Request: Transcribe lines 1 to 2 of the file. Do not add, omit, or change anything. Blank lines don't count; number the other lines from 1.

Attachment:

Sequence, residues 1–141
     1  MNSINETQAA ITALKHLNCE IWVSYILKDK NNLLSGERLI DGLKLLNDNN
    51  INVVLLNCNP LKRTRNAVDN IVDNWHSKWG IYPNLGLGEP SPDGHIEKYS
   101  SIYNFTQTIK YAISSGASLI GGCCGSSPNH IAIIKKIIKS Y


Sequence, residues 1–141
     1  MNSINETQAA ITALKHLNCE IWVSYILKDK NNLLSGERLI DGLKLLNDNN